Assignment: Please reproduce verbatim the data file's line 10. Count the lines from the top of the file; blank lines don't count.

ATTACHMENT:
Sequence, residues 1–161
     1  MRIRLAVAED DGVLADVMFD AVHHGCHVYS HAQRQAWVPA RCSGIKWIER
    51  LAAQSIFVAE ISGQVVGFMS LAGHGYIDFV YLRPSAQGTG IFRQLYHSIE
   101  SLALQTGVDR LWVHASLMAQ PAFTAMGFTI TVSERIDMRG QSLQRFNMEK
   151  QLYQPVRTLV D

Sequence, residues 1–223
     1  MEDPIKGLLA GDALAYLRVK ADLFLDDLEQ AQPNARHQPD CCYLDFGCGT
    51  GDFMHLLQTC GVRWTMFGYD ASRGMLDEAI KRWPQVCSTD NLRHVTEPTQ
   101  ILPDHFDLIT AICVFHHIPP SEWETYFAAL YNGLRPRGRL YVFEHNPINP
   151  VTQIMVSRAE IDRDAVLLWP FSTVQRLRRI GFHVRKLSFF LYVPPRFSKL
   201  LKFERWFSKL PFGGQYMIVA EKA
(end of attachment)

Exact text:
   151  VTQIMVSRAE IDRDAVLLWP FSTVQRLRRI GFHVRKLSFF LYVPPRFSKL